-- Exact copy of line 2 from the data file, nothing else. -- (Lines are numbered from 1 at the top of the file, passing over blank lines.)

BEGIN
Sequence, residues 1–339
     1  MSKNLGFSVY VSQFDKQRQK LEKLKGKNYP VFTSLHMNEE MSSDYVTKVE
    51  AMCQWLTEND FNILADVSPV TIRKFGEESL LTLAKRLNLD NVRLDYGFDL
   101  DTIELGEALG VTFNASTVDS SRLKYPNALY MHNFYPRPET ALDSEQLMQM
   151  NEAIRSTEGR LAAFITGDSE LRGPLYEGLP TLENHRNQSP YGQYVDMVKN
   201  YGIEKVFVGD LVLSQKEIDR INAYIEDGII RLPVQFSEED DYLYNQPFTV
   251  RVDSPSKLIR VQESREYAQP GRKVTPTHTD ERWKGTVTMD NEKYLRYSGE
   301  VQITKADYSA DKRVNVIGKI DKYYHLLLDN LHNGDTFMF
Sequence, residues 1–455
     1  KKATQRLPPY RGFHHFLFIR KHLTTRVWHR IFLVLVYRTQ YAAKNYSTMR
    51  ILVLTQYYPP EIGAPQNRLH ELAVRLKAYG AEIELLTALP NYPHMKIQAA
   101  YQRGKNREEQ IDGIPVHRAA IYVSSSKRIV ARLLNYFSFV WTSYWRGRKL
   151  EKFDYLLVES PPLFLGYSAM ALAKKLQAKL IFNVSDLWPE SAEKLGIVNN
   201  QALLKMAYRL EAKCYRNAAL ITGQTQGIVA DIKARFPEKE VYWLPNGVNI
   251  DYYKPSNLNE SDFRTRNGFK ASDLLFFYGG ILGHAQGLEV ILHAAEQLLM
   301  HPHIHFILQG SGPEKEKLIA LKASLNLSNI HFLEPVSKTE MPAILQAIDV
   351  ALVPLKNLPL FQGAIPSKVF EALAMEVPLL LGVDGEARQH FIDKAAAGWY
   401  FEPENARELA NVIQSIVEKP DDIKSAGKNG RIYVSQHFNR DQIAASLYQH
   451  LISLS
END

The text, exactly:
     1  MSKNLGFSVY VSQFDKQRQK LEKLKGKNYP VFTSLHMNEE MSSDYVTKVE